In certain preferred embodiments of the invention, the tubular body has three fingers and three slots, four fingers and four slots, or five fingers and five slots. Most desirably, the protective sheath is made from plastic, and the forward ends of the fingers are V-shaped and tapered to facilitate the passage of the wings into the slots.
Certain of the foregoing and related objects are also attained in a protective sheath for a butterfly type needle having the aforementioned construction.
Other objects and features of the present invention will become apparent from the following detailed description considered in connection with the accompanying drawings which disclose several embodiments of the present invention. It should be understood, however, that the drawings are designed for the purpose of illustration only and not as a definition of the limits of the invention.
In the drawings, wherein similar reference characters denote similar elements throughout the several views:
FIG. 1 is a perspective view showing the IV infusion set being inserted, or removed from the forearm of a patient with the protective sheath rearwardly displaced on the needle tube;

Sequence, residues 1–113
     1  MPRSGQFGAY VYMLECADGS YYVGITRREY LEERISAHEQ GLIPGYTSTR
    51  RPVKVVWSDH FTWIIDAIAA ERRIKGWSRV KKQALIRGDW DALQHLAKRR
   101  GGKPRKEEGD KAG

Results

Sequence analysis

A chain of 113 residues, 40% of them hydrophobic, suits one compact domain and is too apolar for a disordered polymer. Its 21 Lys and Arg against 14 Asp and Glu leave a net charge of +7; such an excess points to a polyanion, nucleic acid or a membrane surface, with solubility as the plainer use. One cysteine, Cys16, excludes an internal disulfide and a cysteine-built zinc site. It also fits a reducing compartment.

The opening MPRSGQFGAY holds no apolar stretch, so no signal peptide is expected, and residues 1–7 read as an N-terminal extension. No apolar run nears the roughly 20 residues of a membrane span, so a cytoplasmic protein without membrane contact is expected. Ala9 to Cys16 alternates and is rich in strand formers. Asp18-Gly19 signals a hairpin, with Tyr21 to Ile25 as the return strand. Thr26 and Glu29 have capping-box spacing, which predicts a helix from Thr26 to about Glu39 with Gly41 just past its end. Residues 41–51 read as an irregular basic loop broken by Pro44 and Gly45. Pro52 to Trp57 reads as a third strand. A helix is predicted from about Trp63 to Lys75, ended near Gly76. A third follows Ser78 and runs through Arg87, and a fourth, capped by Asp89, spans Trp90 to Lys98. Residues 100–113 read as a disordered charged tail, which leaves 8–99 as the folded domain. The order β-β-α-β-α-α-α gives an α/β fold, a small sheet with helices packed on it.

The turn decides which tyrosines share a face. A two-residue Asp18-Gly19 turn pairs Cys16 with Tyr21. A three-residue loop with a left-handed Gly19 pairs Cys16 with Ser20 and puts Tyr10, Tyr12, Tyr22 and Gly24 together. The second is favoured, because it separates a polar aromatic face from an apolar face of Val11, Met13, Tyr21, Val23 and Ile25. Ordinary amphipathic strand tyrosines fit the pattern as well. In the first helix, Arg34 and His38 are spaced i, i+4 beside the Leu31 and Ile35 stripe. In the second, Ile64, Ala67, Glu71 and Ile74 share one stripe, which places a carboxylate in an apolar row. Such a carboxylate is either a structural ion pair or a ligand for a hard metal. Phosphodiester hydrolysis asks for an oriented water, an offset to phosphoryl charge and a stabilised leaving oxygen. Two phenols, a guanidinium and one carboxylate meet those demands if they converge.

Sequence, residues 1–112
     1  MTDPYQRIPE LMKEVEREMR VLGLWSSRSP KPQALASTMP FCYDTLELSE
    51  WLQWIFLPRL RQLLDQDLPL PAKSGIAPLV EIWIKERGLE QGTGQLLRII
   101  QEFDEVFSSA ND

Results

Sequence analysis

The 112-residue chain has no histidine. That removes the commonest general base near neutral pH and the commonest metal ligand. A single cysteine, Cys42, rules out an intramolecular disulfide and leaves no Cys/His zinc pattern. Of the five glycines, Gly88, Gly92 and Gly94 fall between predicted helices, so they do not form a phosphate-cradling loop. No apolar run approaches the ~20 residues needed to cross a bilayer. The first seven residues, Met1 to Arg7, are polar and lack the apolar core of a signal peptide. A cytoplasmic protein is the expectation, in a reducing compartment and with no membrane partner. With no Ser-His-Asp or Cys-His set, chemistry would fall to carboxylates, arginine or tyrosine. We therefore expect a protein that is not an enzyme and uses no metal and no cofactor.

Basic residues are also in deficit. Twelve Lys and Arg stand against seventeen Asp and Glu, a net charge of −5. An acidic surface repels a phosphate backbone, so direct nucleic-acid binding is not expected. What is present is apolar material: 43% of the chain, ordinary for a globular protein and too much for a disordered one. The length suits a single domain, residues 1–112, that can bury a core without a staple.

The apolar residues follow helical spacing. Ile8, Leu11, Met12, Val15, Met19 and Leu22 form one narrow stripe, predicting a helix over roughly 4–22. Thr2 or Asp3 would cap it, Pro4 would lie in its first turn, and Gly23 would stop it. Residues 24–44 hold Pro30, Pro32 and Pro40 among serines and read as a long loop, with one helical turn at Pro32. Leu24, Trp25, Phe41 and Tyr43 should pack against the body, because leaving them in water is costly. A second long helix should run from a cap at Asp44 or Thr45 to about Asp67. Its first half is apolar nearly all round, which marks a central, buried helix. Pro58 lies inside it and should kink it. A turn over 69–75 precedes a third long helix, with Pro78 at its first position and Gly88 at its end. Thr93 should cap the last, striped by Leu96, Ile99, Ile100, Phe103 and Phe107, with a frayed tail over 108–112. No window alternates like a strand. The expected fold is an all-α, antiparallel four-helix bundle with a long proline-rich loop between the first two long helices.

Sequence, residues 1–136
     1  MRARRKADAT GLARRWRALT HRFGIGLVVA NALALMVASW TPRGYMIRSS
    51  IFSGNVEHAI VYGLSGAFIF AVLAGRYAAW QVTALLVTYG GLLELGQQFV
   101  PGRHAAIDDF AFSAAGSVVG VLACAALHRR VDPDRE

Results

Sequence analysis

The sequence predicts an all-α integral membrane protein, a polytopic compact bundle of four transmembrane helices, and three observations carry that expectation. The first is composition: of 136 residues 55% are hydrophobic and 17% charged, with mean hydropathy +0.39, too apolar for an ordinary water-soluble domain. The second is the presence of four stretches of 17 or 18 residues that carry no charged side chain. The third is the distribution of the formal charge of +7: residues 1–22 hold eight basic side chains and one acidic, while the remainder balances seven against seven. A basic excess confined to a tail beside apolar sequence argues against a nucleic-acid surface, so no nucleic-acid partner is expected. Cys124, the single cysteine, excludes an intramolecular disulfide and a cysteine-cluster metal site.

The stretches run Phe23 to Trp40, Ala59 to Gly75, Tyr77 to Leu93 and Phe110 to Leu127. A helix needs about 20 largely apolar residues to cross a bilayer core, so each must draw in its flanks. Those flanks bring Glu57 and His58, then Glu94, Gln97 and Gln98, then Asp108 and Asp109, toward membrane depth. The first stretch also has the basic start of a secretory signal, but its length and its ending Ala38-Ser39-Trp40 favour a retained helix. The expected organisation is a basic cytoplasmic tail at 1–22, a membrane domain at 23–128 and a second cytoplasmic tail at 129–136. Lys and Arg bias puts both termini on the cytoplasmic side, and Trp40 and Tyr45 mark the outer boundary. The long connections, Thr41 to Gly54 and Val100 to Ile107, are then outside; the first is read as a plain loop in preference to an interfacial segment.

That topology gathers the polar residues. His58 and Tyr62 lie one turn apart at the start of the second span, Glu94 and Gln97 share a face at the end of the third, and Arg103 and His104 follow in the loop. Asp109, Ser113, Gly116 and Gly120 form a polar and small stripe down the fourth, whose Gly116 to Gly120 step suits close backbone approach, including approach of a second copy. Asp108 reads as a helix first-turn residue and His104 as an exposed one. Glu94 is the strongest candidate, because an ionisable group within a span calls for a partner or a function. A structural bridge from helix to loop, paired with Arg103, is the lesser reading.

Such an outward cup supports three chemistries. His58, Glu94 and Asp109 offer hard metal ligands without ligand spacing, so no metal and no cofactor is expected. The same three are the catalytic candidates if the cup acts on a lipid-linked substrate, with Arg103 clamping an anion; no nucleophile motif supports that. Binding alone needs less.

FIG. 2 is an enlarged perspective view of the IV infusion set and sheath showing the needle and butterfly wings immediately prior to retraction into the sheath;
FIG. 3 is an enlarged, fragmentarily-illustrated, partially schematic side elevational view of the forward end of the slotted tubular body of the protective sheath;
FIG. 4 is an enlarged side elevational view of the protective sheath;
FIG. 5 is an enlarged rear end view of the protective sheath taken along line 5--5 of FIG. 4;
FIG. 6 is an enlarged front elevational view of the protective sheath taken along line 6--6 of FIG. 4;
FIG. 7 is an enlarged perspective view showing the needle and butterfly wings thereof immediately prior to being retracted into the protective sheath and, in phantom view, in a fully retracted and locked state within the protective sheath.
FIG. 8 is an enlarged side elevational view showing the needle and butterfly wings in a fully retracted and locked position with respect to the sheath;
FIG. 9 is an enlarged front elevational view of a three-finger alternative embodiment of the protective sheath; and
FIG. 10 is an enlarged front elevational view of a five-finger alternative embodiment of the protective sheath.